It’s rarely disputed that word-of-mouth is the best form of marketing, such as getting fans to organically spread your song. This scattering used to be territorial, with songs suddenly gaining hold in an urban center — often due to organic support from a local radio DJ — and spreading outward.
It was a challenge to determine how and why some songs spread. But tracking should be simple now that ‘virality’ is mainly an internet phenomenon. Metrics and data-gathering offer transparency on the distribution of these sonic ‘memes.’ So it’s fascinating when something unexpected falls through the cracks. Here’s a recent example from Pitchfork:
Dinosaur Jr.’s 1994 song “Over Your Shoulder” hit the Billboard Japan charts this week, topping the Hot Overseas chart and entering the Hot 100 at #18 (above other Western artists such as Ariana Grande and Queen). […] “Over Your Shoulder” was never released as a single, and has not been reissued in any capacity in Japan recently. It does not appear in a new popular film, nor does it appear to soundtrack a meme or viral video. Pitchfork has been unable to source the video or videos that garnered these plays; Billboard was also unable to find the source of the 8 million views.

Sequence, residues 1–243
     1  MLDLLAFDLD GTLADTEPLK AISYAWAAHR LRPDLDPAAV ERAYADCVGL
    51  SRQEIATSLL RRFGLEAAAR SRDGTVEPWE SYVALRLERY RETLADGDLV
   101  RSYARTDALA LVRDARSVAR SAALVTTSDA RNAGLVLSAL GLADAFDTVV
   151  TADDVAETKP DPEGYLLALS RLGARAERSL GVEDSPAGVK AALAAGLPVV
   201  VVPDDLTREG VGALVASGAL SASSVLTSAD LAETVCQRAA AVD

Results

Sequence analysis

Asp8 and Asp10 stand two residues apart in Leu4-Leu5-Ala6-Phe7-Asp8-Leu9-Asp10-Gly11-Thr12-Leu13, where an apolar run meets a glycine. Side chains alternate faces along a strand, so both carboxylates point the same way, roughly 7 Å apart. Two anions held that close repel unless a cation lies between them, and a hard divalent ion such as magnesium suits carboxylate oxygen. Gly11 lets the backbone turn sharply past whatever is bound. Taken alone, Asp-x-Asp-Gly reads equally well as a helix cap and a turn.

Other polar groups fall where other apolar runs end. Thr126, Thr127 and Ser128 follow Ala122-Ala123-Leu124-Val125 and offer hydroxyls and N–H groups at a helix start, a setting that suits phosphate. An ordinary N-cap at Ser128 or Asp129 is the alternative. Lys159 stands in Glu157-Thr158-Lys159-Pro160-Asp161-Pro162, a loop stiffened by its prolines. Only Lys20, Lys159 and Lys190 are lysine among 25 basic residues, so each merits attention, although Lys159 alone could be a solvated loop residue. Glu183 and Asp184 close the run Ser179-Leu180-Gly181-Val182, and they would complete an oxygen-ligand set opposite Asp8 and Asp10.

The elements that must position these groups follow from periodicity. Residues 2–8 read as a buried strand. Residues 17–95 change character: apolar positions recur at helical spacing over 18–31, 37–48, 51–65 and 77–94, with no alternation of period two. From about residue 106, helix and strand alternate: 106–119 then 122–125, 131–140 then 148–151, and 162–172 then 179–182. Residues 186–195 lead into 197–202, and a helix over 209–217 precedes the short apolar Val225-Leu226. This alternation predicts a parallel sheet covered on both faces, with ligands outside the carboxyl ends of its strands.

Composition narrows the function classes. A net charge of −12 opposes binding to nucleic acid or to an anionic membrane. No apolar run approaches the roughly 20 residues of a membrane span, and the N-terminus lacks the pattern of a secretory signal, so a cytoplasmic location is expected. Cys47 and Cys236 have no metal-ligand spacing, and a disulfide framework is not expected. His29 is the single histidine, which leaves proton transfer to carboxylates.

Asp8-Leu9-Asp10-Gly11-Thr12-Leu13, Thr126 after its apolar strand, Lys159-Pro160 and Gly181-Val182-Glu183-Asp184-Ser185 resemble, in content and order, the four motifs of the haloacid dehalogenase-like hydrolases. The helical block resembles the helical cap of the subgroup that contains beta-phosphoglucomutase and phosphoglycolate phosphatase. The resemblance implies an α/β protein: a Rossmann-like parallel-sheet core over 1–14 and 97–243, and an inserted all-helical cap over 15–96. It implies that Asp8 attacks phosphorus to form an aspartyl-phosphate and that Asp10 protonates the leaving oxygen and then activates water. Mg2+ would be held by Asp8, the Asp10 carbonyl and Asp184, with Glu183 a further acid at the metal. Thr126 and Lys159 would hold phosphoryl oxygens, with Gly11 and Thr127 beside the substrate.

An update to the Pitchfork article surmises that the song was somehow featured in a popular Japanese game show. This might have led to posts of the footage on YouTube (since pulled) as well as content uploaded by show fans with the song. All these YouTube plays added up to 8 million hits for “Over Your Shoulder” which counted toward its Billboard Japan chart position. Suddenly Dinosaur Jr. is (temporarily) big in Japan.
There’s something wonderful about not knowing for sure how this happened. Let’s celebrate these untraceable viral surprises while we still can.
Update → via Gizmodo:
In the end, no one factor made “Over Your Shoulder” a Billboard hit in Japan. Nearly 25 years ago, it was released. More than 15 years ago, it was used on a Japanese reality show about boxing bad boys. Six years ago, Billboard started counting YouTube plays. And just days ago, YouTube apparently began recommending pirated episodes of that reality show to Japanese users, who seemingly binged it in the thousands, playing “Over Your Shoulder” over and over again in the process.